Babies on Planes

Tips for kids on airplanes

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One of my friends was on an airplane recently with a screaming baby/toddler. She herself is going to fly NYC to Seattle with her baby (currently about 7 months; he’ll be 9 months at the time of the trip) and was mortified. On this particular flight, everyone was moaning, groaning, and even confronting the mother of the screaming baby. My friend didn’t want this to happen to her in two months.

So look, this is my first general rule/view/tip for kids on airplanes: if it’s not your kid, don’t be a dick. I’m sorry if that sounded harsh, but we’ve all been there. We’ve all been babies, and even if we don’t remember it, we may well have screamed on an airplane. Families are a lot more far-flung these days because of jobs and the nature of the economy, so oftentimes a baby will need to be on an airplane to see their grandparents, etc. Most parents don’t want to drive from Boston to California every time they need to see their own parents, so a plane is better — which means there is always a chance a baby is on your plane. And yes, they may cry. Get over it. Use headphones. Read. Sleep. Sometimes it’s annoying, yes. The mother/father combo did not do this to hurt you. They did it to connect their family. So less complaining is a good start.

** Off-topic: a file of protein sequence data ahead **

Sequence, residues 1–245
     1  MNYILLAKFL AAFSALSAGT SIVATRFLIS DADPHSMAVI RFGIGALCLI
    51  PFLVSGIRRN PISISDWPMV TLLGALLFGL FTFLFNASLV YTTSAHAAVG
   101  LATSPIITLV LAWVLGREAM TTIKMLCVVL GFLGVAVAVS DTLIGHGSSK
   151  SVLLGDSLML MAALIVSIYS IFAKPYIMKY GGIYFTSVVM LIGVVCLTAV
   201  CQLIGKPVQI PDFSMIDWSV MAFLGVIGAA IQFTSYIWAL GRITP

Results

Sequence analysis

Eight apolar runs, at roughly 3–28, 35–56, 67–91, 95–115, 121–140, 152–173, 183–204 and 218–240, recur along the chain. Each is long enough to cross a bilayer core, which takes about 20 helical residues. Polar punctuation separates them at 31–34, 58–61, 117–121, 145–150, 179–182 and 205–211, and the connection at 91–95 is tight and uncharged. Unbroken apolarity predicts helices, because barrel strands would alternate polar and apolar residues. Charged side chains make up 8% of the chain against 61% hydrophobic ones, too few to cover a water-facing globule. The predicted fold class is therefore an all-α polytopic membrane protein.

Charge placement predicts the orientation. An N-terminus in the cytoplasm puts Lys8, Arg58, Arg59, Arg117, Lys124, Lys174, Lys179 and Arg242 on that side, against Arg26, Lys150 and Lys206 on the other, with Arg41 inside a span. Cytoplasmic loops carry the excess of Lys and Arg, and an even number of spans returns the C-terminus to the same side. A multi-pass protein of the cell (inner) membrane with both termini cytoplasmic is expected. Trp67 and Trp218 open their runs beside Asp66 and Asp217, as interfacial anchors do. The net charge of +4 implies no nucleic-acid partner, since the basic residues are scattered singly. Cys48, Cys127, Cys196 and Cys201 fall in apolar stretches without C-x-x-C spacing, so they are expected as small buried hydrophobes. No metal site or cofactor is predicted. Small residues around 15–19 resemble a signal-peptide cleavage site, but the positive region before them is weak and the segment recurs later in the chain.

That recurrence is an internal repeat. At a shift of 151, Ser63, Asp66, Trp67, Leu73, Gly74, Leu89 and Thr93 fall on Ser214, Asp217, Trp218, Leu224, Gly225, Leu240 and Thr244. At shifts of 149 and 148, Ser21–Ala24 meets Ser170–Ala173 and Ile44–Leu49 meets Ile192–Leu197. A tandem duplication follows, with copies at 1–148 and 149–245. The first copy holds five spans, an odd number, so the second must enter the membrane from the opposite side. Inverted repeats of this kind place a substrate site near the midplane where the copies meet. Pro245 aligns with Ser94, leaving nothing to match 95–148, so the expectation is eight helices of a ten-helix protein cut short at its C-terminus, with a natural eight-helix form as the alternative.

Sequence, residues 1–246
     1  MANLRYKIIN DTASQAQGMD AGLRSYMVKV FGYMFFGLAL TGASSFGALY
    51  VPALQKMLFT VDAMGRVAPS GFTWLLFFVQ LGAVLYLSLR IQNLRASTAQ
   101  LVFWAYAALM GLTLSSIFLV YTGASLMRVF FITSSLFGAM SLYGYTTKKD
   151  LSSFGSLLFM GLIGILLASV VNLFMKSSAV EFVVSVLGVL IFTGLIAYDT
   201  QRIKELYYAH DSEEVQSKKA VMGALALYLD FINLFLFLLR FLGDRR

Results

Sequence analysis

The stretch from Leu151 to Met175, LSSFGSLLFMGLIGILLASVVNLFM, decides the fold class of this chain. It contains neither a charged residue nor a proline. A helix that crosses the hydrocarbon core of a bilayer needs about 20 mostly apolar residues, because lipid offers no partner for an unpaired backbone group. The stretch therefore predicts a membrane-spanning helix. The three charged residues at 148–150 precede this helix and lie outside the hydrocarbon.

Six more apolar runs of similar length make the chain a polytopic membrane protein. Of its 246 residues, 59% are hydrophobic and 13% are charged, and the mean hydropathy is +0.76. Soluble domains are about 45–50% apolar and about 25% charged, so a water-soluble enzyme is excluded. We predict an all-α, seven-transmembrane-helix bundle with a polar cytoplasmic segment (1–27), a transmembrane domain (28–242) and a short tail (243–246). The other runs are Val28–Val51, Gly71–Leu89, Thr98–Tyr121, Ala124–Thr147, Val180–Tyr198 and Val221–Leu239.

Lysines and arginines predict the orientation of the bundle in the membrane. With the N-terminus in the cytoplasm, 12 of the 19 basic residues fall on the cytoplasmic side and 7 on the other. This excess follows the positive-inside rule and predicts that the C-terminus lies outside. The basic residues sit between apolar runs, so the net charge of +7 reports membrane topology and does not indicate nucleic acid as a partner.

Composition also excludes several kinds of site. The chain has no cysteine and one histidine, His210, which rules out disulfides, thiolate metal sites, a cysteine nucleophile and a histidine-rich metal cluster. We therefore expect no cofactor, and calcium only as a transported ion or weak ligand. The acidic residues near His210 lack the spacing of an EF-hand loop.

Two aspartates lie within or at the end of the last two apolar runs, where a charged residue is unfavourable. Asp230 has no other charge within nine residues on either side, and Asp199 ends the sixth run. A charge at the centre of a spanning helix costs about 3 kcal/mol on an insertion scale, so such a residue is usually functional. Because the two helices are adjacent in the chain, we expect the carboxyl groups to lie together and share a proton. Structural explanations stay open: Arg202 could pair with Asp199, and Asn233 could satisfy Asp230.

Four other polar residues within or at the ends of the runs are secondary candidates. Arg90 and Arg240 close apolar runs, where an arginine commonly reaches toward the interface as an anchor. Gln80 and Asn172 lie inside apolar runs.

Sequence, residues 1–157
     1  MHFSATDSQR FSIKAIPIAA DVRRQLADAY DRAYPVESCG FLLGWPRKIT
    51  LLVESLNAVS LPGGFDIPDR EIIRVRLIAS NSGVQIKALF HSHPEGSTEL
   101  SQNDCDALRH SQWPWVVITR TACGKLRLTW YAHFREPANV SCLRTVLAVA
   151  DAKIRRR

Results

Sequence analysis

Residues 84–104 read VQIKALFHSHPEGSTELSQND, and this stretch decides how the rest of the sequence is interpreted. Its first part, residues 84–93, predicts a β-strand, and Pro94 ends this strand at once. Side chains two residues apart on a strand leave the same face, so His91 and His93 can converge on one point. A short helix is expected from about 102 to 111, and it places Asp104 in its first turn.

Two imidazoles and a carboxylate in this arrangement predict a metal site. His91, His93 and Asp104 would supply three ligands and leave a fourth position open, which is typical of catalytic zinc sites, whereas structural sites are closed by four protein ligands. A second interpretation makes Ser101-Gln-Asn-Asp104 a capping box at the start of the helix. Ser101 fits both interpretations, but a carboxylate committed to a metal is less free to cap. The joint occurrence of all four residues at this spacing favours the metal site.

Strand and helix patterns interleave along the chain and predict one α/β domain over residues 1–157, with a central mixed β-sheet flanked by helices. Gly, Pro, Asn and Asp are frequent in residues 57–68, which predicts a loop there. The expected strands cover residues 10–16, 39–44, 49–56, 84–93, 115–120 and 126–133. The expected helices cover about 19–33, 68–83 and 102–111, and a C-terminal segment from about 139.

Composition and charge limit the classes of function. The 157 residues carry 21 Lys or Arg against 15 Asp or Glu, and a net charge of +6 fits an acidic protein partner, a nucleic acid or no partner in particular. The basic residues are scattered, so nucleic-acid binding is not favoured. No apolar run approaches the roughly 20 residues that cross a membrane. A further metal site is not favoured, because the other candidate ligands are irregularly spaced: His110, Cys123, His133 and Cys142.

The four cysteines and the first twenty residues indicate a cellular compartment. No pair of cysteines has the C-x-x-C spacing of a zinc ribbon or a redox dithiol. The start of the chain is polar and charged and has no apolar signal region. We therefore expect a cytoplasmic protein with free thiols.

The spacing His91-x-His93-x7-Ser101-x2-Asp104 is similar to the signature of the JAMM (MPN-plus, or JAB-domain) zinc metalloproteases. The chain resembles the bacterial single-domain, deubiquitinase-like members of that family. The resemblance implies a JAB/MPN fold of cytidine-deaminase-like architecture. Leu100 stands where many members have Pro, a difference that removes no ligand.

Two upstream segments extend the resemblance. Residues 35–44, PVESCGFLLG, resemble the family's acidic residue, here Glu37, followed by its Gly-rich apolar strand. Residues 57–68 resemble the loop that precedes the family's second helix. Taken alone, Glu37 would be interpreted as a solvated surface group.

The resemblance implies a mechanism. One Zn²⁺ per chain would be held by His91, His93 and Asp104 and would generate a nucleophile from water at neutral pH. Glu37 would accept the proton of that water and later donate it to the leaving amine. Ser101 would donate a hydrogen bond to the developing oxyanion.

Other tips? Let’s do 4-5.

Plan the trip better: A baby is a real reason to think about seat selection more, and maybe even spend more money. You can also fly at different times. A 7am flight with a baby in a middle seat will get you the eye rolls and confrontations. A 4pm flight where you have the bulkhead row may not. That’s an important distinction.

Well-stocked diaper bag: This is essential. Probably the No. 1 thing would be a variety of items to suck on, as usually the greatest concern for airborne babies is their ears popping — which is something they have no context for.

Snacks: Distracting, and thus useful.

Be polite: As noted above, unfortunately some people on planes can be a-holes. (Probably because air travel has become less pleasant for all over the years.) Smile, nod, and be polite. Don’t start a whole thing on a plane because then everyone is essentially looking at you.

Be careful during pre-boarding: Pre-boarding is a totally confounding time on most flights. Everyone is jammed in an aisle and trying to get the exact overhead space they feel they want, need, or are entitled to. In the crush of all this happening, sometimes things fall or people jostle. If you’re holding your baby, he/she is at risk during this stage. People just aren’t thinking. They want their spot, etc. So try to slot in behind some kindred spirits, and keep a healthy distance between you and the person in front of you as you get to your aisle area.

What else would you add on traveling with babies of any age?

Kristin Smith

Kristin is a wife, mom, doula and a kick ass swaddler. She spends her time helping families get top notch support throughout their parenting journey. When she isn't swaddling babies, she can be found sipping latte's and watching her daughter play softball. Read more...

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